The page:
"Oh No!" Kono Sierra Leoneans tell SteinmetzPublished by MAC on 2020-08-20
Source: Mining News
For years, Israeli diamond uber-miner, Beny Steinmetz, has ensconced himself in the highly-lucrative Sierra Leonean district of Kono [See: Sierra Leone's glittering riches].
Despite the government having promised to relocate locals and protect them from violent attacks by security forces, the community has now had to resort to legal enforcement action.
Meanwhile, Sierra Leone's High Court has ordered withholding of a Steinmetz subsidiary's assets, issued in early 2019, until it answers claims by residents of water contamination, respiratory infections, and damages caused to their homes by blasting.
Sierra Leone freezes assets of Steinmetz diamond unit
19 August 19, 2020
The High Court of Sierra Leone issued on Wednesday an interim freezing order on the assets of Octea, a subsidiary of Israeli billionaire Beny Steinmetz’s BSG Resources (BSGR), in a lawsuit over alleged environmental damage around a diamond mine.
Lawyers representing residents living next to Octea’s mine, Sierra Leone’s largest diamond operation, requested the order. They claimed there was “clear and present risk” the defendants could expatriate funds to avoid paying out if the court rules against them.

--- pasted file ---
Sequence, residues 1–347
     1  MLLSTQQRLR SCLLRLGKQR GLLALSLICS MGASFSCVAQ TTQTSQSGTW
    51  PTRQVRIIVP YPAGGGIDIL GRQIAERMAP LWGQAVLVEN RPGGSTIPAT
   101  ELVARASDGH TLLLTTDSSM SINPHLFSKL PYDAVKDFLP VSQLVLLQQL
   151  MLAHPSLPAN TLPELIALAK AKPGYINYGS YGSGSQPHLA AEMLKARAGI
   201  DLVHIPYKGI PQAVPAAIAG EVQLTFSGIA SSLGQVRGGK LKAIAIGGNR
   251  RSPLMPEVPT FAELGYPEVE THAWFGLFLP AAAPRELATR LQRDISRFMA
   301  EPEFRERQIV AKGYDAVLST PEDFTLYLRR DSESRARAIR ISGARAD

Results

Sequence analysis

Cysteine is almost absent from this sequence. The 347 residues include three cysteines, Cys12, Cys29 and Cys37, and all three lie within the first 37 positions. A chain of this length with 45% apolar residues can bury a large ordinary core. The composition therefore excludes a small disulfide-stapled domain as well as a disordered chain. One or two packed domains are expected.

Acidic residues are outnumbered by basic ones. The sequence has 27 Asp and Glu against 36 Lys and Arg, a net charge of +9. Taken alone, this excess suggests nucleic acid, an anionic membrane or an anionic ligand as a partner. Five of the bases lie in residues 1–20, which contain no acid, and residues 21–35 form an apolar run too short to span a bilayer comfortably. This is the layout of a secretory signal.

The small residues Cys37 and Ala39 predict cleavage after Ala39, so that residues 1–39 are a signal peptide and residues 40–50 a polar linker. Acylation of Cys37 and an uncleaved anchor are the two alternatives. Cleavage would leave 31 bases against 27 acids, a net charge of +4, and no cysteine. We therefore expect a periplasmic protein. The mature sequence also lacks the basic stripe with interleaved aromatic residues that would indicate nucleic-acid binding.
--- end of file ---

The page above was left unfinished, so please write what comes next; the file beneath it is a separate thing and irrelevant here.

Octea will appeal the judgment on Thursday, lawyers for the plaintiffs told Reuters.
The case grabbed international attention in March last year, when locals launched a lawsuit against subsidiary Koidu Limited over alleged water contamination, respiratory infections and damage to their houses caused by blasting at the mine. They seek $288 million in compensation.
Gov’t on the hot seat
The suit was followed in August by a second, this time against Sierra Leone’s government, for failing to protect them from the mine’s alleged effects.
“The State has violated (the plaintiffs’) right to a suitable environment,” said the lawyer acting on behalf of residents of Koidu, the largest city in the diamond-rich Kono district of Sierra Leone.
That suit also argued that the government had failed to ensure the relocation of hundreds of households away from the blasting site, as required in Octea’s mining license.
It further claimed Sierra Leone’s authorities failed to protect residents when security forces killed four people during protests against the mine in 2007 and 2012.
Following those incidents, Octea’s subsidiary Koidu Limited reportedly made a goodwill payment to Sierra Leone’s mines ministry to compensate victims of the violence, court documents show.
Koidu Limited has not acknowledged making any payment.
The cases highlight the growing importance of obtaining and keeping a social license, or community support.
Stakeholders are demanding stronger engagement, transparency, ethical supply chains and a lower carbon footprint.
Communities at host countries are growing aware of their right to demand companies meet those expectations, with some choosing the legal path to pursue grievances against international mining firms.
Octea’s parent company, BSGR, is under investigation in several countries, including the US for violating the Foreign Corrupt Practices Act. The company denies the claims.
(With files from Reuters)